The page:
A couple of years before he passed away, my Dad bought a battered 1994 Ford pickup from a mechanic in town. Someone had dropped the high-milage truck off for repairs and, when he couldn’t come up with the $1800 to pay the bill, he left the vehicle with the mechanic in lieu of payment.
Dad bought it from him shortly thereafter, but as the Alzheimer’s quickly advanced, never drove it much. It was meant to be a firewood-hauling, deer-hunting truck. But for the last year or so it has just been sitting under a tree at the old place.
Both rear wheel wells are rusted out. It has numerous other dents, dings and rust spots. And on one of my trips home after Dad’s passing I noticed the windows were down and the poor thing was being rained in. I found the keys and rolled the windows up and evicted several species of wildlife.
Mom and I talked about her selling it or donating to someone. But dealing with it was well down the list of issues to be handled around the old homestead.
Then a few weeks ago we lost an engine on one of our cars (the Saab). We were already a four-car family with five licensed drivers, thus making driving a bit like musical chairs, one person is always the odd man out. And with two girls off at college–one in Waco and another in Norman–losing another car was simply not going to work. So . . .
Female Offspring Unit #2 (the Sooner) and I drove through ice and snow to Wilburton on Monday to check in on Mom and take possession of the old beater. My brother had replaced the battery a few months ago and when I tried to start it, it fired right up. But could I get it back down to Dallas?
A look under the hood revealed that most of the belts and hoses had been replaced when Dad bought it. It was parked on grass but I could see no evidence of any fluid leaks. Headlights, blinkers and brakes seemed fully functional as well. The tires needed air but the tread looked fine.
There was just one problem. The speedometer and odometer weren’t functioning. I hoped the problem was just a fuse. Indeed, the 15-amp fuse responsible for several of the cabin electronics was blown. With a fresh one inserted, I was able to see the actual mileage on the truck for the first time . . .
Wow. And I thought my wife’s ’03 Expedition with 150,000 miles was long in the tooth. When I went to put gas in it, I discovered it had two gas tanks. I assumed this was the automotive corollary to a two-humped camel and a sobering indicator of what kind of gas mileage I could expect out of the V-8 rig clearly designed for towing.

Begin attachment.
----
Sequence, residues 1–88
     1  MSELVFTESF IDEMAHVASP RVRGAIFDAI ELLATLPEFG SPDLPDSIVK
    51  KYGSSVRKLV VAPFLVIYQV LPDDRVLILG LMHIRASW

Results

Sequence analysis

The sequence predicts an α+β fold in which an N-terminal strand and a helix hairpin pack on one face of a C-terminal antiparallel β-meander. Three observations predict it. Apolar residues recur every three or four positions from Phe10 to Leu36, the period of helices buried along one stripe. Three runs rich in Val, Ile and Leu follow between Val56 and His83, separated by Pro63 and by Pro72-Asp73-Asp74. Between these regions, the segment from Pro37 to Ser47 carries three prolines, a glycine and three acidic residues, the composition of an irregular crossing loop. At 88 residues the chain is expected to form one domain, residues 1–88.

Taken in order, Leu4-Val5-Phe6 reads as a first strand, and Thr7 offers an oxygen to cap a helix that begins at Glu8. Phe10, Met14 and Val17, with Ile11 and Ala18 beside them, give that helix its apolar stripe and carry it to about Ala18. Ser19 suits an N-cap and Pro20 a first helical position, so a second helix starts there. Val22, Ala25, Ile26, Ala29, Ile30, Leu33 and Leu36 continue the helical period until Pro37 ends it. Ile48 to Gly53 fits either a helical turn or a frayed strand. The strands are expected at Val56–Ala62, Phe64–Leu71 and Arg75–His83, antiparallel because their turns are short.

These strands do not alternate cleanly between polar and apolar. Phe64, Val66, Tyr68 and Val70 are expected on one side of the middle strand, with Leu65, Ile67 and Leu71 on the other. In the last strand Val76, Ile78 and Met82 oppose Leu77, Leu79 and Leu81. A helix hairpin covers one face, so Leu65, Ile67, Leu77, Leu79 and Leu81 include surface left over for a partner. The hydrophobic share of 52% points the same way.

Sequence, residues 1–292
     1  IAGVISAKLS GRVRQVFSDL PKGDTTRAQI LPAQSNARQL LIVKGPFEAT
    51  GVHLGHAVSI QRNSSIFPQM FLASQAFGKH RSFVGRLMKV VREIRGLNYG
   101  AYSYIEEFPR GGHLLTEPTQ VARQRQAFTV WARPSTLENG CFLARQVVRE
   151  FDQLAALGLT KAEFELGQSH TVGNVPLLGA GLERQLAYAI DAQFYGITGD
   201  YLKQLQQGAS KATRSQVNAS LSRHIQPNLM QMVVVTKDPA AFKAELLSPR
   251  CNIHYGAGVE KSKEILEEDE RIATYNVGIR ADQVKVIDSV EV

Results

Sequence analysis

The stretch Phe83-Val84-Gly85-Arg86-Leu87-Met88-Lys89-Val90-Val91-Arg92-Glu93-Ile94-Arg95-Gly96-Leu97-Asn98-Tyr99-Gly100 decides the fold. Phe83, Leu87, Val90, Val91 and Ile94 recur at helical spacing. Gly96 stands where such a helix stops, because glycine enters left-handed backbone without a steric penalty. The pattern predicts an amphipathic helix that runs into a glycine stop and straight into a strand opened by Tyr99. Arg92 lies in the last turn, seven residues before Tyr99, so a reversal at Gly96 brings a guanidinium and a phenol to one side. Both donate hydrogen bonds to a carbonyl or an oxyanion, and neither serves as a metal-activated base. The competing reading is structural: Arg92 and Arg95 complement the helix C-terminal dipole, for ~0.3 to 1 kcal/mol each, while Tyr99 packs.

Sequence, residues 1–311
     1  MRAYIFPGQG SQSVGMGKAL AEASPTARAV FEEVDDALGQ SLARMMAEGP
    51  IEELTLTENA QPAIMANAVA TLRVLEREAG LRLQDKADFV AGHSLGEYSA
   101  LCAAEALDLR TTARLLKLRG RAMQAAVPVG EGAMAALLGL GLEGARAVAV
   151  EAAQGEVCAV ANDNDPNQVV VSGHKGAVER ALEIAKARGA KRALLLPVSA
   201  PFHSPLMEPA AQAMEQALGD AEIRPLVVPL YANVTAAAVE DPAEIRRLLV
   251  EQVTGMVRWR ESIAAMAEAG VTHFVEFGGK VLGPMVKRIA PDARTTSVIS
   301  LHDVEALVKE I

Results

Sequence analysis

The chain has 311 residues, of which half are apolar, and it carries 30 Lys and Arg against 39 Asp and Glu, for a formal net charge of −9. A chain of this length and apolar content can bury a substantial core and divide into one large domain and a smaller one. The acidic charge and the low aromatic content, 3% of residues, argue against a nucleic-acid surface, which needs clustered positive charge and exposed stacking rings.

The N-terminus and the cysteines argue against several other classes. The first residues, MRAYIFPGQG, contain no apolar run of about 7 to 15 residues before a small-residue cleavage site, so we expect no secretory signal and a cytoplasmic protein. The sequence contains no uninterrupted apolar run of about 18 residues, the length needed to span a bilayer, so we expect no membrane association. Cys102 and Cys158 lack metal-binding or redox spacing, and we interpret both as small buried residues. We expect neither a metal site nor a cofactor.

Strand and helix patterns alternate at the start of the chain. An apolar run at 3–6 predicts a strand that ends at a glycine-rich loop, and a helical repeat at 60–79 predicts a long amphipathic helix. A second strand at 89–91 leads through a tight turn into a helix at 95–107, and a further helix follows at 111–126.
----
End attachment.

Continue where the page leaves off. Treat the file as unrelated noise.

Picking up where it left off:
There is one other thing about this truck I haven’t mentioned. My original intention was to drive it myself. I don’t put a lot of miles on a vehicle and thought I would cut a fine figure cruising alongside the numerous Jags, Bentleys, Maseratis, and Porsches that clog the streets of Colleyville and Southlake. I would park it in our Condo’s underground garage between one neighbor’s new BMW 7 and another’s Porsche Carrera.
But when FOU #2 heard about the availability of the truck, she piped up, “I want it!”
I thought she was kidding. “Seriously?” I said. “You want to drive that old rusty tank?”
“Yeah, it’s awesome.”, she said. “It’s a beast!”
After some additional querying, it became clear the child really did want to drive the thing up at OU. And I have become convinced enough of it’s road-worthiness to allow it. She spent most of the morning cleaning 10 years of dirt and grime out of the interior. As soon as the temps manage to climb above freezing, she’ll wash it but will need to be careful about using high pressure around the rust holes.
It’s a blessing to have the vehicle. But the best thing about it is that a little piece of my Dad’s legacy lives on in the driving of that old truck. You see, my father was the least image-conscious person I have ever known. I have never seen anyone less concerned about impressing anyone or earning style points.
Now in Norman, a 19-year-old former homecoming queen will keep his spirit alive behind the wheel of a rusty “beast.” Take that Lady Gaga.